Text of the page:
Summer’s just started in Montreal. Trying to find myself amongst hippies and performance artists. Money, love, nationality; the lines between them gets blurred living as a bohemian. By day I hit the streets with my guitar and Justin Bieber covers. At night, it’s comedy gigs in poorly lit French cafes. Neither endeavor brings much dough, but the cost of living here is so damn low.
My phone lights up with a message from an ex. Apparently she’s in New York for the week. That would be like a six hour drive if I had a car. This proximity is obviously inviting a relapse. Interracial love is just too damn good. Plans are made to link up in the Big Apple. I check online for bus tickets. Ouch, definitely out of my price range. So is ridesharing. Time to get old school.
With a makeshift sign reading “NYC”, I stick a thumb out on the Trans-Canada Highway.
A motorcycle pulls up, badass biker chick offers me a helmet. I hop on and we’re off. Hands wrapped her waist, I explain my plan, “There’s this white girl in New York who I love; probably gonna smash.” She agrees that it’s totally worth it, and drops me off at busy intersection.
My next ride is a bunch of college kids. They smoke me up, and I ask how far they’re going. “Right to the border,” responds the driver, eyes not even on the road. Seems like my story inspired people. Or at least entertained them. Soon the border is in view. Reeking of reefer, I thank my new friends and stick my thumb out again. This was going way better than expected.
A mini van honks at me, power doors unlocking. An Asian lady named Fae drives, her three children in the backseat. I tactfully avoid the reason for my trek. We make small talk for bit. She tenses up. Tells me to get out. “Walk across, then I’ll pick you up on the other side.” Jesus lady. We are like five meters away, now is not the time for a change of heart.
Feeling extremely foolish I walk up to the gate. Frowning overtop aviators, the customs agent takes in my guitar case and tattered sneakers. “What is your purpose for entering the United States today?” I gulp. “Well there’s this white girl in New York who I love; probably gonna smash.” The agent doesn’t laugh.
They detain me for about two hours. Finally someone comes to get me. “We aren’t letting you stateside. I don’t believe you have the funds to support yourself, and hitchhiking is illegal.” She hands me my passport and points the way I came. “Walk back to Canada.”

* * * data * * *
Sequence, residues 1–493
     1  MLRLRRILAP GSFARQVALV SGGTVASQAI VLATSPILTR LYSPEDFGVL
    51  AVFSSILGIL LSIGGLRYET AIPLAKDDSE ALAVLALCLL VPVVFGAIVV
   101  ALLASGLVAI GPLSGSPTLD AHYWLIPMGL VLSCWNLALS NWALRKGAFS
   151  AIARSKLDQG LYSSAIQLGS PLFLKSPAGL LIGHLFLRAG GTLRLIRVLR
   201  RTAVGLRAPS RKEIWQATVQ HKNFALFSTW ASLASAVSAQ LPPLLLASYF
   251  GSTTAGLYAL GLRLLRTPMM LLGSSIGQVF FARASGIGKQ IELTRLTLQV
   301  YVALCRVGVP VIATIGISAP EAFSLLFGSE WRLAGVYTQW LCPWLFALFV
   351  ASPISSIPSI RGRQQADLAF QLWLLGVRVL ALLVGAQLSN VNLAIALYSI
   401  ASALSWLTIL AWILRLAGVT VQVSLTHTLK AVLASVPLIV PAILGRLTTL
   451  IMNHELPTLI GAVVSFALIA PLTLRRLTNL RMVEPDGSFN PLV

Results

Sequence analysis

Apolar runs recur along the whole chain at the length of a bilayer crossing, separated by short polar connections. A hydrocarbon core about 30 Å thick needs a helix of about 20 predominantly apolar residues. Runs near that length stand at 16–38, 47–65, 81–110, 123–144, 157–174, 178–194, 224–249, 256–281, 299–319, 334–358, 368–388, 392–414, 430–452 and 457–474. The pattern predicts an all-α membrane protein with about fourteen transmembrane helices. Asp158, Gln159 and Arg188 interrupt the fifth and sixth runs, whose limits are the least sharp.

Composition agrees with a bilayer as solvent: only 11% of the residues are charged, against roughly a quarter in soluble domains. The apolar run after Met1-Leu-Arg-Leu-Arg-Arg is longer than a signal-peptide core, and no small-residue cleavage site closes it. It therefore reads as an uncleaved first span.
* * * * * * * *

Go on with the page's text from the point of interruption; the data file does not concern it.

In a daze, I start across the lot. Fuck Trump! Denying me entry, just for being poor. About halfway across the neutral zone I realize I’m completely alone. This place was meant for driving not walking. There’s wilderness on either side. Maybe I could…? Before common sense prevails I hop a chain link fence and enter bush. The forest is thick, and branches are tearing at my clothes. Obama forgive me, I’m illegally immigrating.
Out the woods, and unto highway. In the United States. Success. Canadian expat status. Proud of my ingenuity, I walk along the road, thumb out. Probably take about three steps. An armored car whips out of nowhere. U.S. Border Patrol. Fuck. Two officers decked out in tactical gear get out. They take one look at my disheveled clothes, bleeding ankles, and cuff me.
At the station, one of the guys mercilessly rifles through my belongings. He maintains eye contact the whole time, daring me to say something. Bad cop. He holds up my “NYC” sign with a laugh. A notebook falls out. Not good. That thing is filled with half formed joke ideas. Definitely some overt references to terrorism.
“Hey I’m a comedian, so if there’s any… funny stuff in there, it’s because I’m a funny guy.” I laugh endearingly. Silence. Female officer takes my fingerprints. She’s being super kind, and despite myself I fall for the good cop routine. Time for the interrogation.
“I sort of got lost, and ended up on wrong side of the border.” Bad cop shakes his head in disgust. “So that’s the story you’re sticking to?” They throw me in dingy cell. Right, time to reevaluate. This whole; don’t tell the police anything bit, was not working out. Sorry Drake.
I call over the good cop. “Can we talk?” Back to the integration room. “You see there’s this white girl I love In New York… and I would do anything to see her again. So I made a horrible decision and jumped a fence. Sorry for illegally immigrating.” They both lean back, smirking.
Good cop spills that the cameras had spotted me. They just wanted to hear me fess up. Played. “You’ve got two choices kid. Contest your arrest in immigration court, where you’ll probably lose and get deported. Or we can drive you back to Canada.” I pick the latter. Better than walking.
All the tension leaves the room, and we start joking around. The cops uncuff me and let me watch as they type up their report. Their computers say Department of Homeland Security. So hype. For a moment I’m just on a field trip at a border office. I show them some of my YouTube videos. They all laugh appreciatively, winning me six more subscribers.
The squad lets me ride shotgun on the way back. Last thing I want is for my stupid sense of romance to cause a wall to be built. The officers assure me that our two nations would probably remain homies.
At the border, the Americans totally snitch. Back on Canuck soil, one guy grabs my passport and detains me again. Great. Ten minutes later he’s back. “We can’t do anything. You’re free to go.” He hands back my passport. Can’t believe this is happening. “But don’t do that again. Please.” I agree, and for good measure add a very Canadian “sorry.” There’s no place like home.